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Resolving US-North Korea tension requires a formal end to Korean War

Last week, the Biden administration announced it had finalized its North Korea policy review. While many details are missing, the policy review prioritizes a phased agreement toward full denuclearization, rejecting the Trump administration’s “all-or-nothing” approach that failed at the Hanoi summit in 2019.  

That the administration is prepared to engage in diplomacy and honor the 2018 Singapore Agreement, in which the United States and North Korea committed to working toward a lasting and stable peace regime on the Korean Peninsula, is a step in the right direction. However, the Biden administration’s approach is likely to be limited if it fails to address mutual security concerns. As called for by many peace groups, a more realistic strategy would be to pursue a transformative, peace-based approach. 

As these groups point out, the unresolved state of the Korean War, which was only halted by an armistice in 1953, is the root cause of tensions between the United States and North Korea. A recent report from the global campaign Korea Peace Now! argues that formally ending the Korean War with a peace agreement would be a more viable and effective framework for resolving the security crisis by addressing North Korea’s security concerns and removing Pyongyang’s stated justification for nuclear weapons. 

As the Biden administration has noted, past approaches with North Korea have failed. But they’ve failed precisely because they’ve never addressed the root cause of the problem. Negotiations remain in a deadlock because the state of war has so deteriorated communication and trust. Neither side will lower their weapons. A peace agreement between the United States and the two Koreas would bindingly end the state of the Korean War and recognize once and for all that wartime rights to use force have ended. A peace agreement would also enable the normalization of relations and pave the way toward more effective engagements on complex issues like denuclearization and human rights.  

The United States has a moral responsibility to take the lead in resolving the crisis, and should do so by committing to a peace-first approach and taking reciprocal nuclear disarmament actions. The United States is most susceptible to be engaged in use of force in Korea, given its massive military presence, its regular participation in joint military exercises with the South, and the fact that it would have operational control over South Korean armed forces if combat resumed. Furthermore, the two Koreas have also together explicitly called for a peace agreement, and the United States should respect what the people of Korea want.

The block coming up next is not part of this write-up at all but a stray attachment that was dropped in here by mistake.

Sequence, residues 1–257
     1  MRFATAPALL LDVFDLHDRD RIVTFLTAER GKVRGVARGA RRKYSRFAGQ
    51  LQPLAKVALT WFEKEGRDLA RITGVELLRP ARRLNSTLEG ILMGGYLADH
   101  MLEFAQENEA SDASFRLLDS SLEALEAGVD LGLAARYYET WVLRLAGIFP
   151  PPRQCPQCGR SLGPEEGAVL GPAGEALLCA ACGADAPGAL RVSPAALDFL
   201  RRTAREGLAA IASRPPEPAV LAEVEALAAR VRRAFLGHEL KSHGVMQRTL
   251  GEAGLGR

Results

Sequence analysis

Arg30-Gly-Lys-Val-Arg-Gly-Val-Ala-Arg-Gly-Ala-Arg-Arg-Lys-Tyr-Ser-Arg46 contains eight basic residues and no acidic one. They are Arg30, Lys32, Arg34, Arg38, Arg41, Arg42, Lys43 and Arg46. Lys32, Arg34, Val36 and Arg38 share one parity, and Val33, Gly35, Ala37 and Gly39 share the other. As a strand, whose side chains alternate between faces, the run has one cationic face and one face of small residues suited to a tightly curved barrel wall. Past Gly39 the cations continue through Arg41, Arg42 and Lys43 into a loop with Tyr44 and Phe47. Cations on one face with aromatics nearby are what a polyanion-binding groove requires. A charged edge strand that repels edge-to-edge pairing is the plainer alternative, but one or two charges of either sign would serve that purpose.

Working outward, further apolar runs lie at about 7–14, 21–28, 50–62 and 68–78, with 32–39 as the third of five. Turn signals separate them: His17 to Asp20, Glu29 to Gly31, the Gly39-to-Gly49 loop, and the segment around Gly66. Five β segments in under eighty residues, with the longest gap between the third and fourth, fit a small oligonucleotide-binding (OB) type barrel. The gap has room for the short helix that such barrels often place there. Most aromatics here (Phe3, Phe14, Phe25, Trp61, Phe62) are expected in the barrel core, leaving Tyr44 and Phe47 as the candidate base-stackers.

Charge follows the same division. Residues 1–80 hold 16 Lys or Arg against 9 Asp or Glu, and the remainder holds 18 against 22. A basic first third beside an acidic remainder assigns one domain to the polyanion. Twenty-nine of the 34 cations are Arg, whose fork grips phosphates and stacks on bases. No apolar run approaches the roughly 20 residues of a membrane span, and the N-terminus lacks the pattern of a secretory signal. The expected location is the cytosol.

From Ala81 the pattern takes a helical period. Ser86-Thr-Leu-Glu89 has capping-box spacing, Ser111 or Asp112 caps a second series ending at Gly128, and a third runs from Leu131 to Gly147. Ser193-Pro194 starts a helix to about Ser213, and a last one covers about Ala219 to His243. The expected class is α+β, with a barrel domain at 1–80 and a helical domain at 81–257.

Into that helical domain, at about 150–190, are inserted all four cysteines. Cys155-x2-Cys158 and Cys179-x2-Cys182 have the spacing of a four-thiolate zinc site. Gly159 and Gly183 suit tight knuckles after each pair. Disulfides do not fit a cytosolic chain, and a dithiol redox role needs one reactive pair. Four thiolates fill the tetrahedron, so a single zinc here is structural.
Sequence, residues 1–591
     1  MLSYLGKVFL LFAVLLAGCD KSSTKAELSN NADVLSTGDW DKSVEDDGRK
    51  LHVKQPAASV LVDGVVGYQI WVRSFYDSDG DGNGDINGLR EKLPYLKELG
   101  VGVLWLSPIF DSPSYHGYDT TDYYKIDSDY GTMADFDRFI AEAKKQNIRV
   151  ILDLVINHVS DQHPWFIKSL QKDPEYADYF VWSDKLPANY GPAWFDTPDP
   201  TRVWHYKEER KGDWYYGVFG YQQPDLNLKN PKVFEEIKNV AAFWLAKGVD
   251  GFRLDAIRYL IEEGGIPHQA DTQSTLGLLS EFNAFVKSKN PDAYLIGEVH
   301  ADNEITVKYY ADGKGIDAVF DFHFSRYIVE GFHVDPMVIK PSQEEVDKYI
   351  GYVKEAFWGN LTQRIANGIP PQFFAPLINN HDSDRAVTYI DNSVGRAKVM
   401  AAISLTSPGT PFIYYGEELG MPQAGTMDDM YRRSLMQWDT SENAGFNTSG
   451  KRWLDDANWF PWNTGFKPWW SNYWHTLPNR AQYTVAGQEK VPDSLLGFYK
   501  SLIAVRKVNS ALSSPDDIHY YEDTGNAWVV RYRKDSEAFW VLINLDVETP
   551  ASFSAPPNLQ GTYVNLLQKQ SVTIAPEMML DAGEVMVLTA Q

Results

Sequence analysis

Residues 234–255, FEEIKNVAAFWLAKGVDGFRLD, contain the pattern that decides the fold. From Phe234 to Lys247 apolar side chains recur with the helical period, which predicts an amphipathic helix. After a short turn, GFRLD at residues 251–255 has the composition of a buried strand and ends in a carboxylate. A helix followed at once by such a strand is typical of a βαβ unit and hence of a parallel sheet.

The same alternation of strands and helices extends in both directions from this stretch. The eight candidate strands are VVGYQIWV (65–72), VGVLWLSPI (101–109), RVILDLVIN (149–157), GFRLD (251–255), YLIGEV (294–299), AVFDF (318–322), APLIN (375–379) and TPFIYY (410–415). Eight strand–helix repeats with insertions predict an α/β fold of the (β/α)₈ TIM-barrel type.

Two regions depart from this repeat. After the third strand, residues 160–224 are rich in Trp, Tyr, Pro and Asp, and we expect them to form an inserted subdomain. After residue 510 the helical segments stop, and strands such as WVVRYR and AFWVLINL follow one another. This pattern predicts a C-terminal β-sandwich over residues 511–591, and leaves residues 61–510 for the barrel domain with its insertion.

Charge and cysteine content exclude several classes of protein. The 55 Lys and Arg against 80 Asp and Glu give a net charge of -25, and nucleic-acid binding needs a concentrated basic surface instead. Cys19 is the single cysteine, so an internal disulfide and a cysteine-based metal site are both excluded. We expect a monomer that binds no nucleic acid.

We need a culture shift in Washington — a shift toward an approach that resolves the human costs of war. This change must start with Congress as representatives of the American people. After all, 67 percent of Americans across political affiliations support negotiating a peace agreement with North Korea. It is time for Congress to step up and call on the Biden administration to formally end the Korean War with a binding peace agreement. There is already support in Congress for this approach — House Resolution 152, which called for a formal end to the Korean War, had 52 co-sponsors in the 116th Congress.

As long as the United States and North Korea remain in a state of war, the potential for an accidental or intentional military conflict on the Korean Peninsula remains. Such a conflict would be devastating, impacting millions of people. Ending the oldest U.S. forever-war would improve the security of all sides, not to mention help reunite thousands of Korean Americans with family members in North Korea. 

Biden has called North Korea the United States’ foremost foreign policy challenge. To meet this challenge requires a bold new approach that puts peace at the beginning — not the end — of the process. With support from Congress and a grassroots peace movement, it can be done.

Colleen Moore is the advocacy coordinator for Women Cross DMZ, which mobilizes women globally for peace in Korea and women’s inclusion in the peace process.

Tags Korean War North Korea Peace Trump administration

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